“Spreading political mess”

Wall Street analysts believe the odds of reaching a compromise on either a broad package or more limited measures, such as a stimulus payment, before the November 3 election may be dwindling.

Replenishing the Paycheck Protection Program, which offers low-cost loans to small businesses, “is unlikely because lawmakers in both parties would likely want to attach additional measures to such a bill,” Goldman Sachs economist Alec Phillips told investors in a report. “A standalone bill to authorize another round of stimulus payments to individuals is even less likely, as neither party has made this a priority.”

Koch-backed group opposes coronavirus aid 07:47

After both political allies and opponents of Mr. Trump had voiced their opposition to his decision to shut down the stimulus negotiations, the president’s push for smaller relief bills appears to be “a hasty attempt to clean up a spreading political mess,” according to Height Securities. 

“Making this push after gladly taking the blame for killing the larger talks is not a winning strategy, and we expect that Pelosi has little motivation to give Trump wins on the type of standalone aid he is asking for,” Height analysts added. 

Struggling to pay the bills

With the pandemic showing few signs of abating and earlier government aid now running out, many businesses and households are facing a financial crunch. One in three U.S. adults struggled to pay for basic expenses like food and rent at the end of September, according to the Center on Budget and Policy Priorities, a liberal-leaning think tank.

The Democrats’ updated HEROES (or Health and Economic Recovery Omnibus Emergency Solutions) Act was designed to offset some of those pressures. The relief bill, which passed the House on October 1, would have supported a wide range of economic programs, from food stamps to restoring $ 600 in extra weekly jobless benefits.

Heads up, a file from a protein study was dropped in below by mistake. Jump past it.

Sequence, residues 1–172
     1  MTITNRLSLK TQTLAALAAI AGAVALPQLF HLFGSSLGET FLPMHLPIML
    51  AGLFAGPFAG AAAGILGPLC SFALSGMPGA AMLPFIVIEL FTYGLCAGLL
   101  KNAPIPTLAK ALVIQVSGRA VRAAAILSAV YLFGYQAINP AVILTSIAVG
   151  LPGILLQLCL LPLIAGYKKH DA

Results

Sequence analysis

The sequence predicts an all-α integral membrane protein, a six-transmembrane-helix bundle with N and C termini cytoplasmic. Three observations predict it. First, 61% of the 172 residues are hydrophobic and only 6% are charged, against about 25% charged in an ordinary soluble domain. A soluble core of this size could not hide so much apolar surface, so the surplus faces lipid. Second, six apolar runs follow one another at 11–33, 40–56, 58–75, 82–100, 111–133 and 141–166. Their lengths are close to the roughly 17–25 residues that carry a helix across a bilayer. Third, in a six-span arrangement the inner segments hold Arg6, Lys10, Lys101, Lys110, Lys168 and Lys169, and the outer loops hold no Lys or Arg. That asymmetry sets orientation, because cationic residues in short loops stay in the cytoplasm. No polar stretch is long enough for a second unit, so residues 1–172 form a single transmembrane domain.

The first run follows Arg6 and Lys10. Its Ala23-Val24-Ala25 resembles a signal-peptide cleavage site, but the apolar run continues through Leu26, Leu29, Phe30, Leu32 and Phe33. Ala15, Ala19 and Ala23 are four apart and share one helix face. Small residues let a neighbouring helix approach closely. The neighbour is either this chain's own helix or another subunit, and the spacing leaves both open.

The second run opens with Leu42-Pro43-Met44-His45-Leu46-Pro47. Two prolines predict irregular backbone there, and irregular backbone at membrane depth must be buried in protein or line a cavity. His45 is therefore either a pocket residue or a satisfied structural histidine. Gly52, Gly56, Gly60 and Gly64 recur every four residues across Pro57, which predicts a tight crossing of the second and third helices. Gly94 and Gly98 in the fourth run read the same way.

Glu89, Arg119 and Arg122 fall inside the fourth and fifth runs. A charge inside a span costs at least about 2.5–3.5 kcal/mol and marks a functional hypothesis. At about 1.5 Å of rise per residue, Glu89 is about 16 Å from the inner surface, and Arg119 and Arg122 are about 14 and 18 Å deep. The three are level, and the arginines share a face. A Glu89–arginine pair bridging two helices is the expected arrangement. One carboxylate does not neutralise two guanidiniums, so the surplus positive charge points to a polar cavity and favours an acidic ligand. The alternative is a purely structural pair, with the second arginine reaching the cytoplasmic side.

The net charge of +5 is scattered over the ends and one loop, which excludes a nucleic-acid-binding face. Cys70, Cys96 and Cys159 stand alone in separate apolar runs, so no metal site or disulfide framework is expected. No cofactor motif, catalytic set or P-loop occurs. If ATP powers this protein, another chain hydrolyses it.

But Mr. Trump soon tweeted that he was pulling the plug on negotiations over further stimulus. After the virus erupted in the U.S. this spring, the Coronavirus Aid, Relief and Economic Security Act had distributed some 160 million checks to Americans, offering cash payments of $ 1,200 for individuals and $ 2,400 for married couples, up to some income limits.

A better economic boost?

A boost of $ 1,200 per adult would certainly help alleviate financial stress, yet that one-time payment would only go so far — a month’s rent, for instance, or help with groceries and other bills. As with the initial round of checks, they would be distributed to everyone earning less than $ 75,000 per single taxpayer or $ 150,000 per married couple, regardless of whether they lost work or income.

Trump, Pelosi, McConnell at odds on stimulus 10:44

Economists say other relief policies have proved more effective at boosting the economy. For instance, an extra $ 600 in weekly unemployment pay helped bolster households that had suffered job or income losses — until it expired in July. In May alone, the program boosted personal income by $ 842 billion, according to the Economic Policy Institute. 

That money helped support local businesses, keeping the economy from collapsing under the impact of lockdowns. But Mr. Trump didn’t mention renewing the program as a standalone funding effort, nor did Mnuchin on October 15.

Meanwhile, an extra $ 300 in weekly unemployment aid that Mr. Trump had ordered is already depleted in 19 states, according to UnemploymentPUA.com, which tracks the program. That effort, called Lost Wages Assistance (LWA), was created in August by tapping disaster-relief funds, but it only provides six weeks in extra jobless benefits. 

“We estimate the expiry of the [LWA] program will create a $ 600 billion (annualized) income cliff leaving household income roughly 3% below its pre-Covid level in October,” Daco wrote. “With over 20 million individuals still claiming unemployment benefits such a shortfall could have even deeper local consequences.”

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Moneywatch – CBSNews.com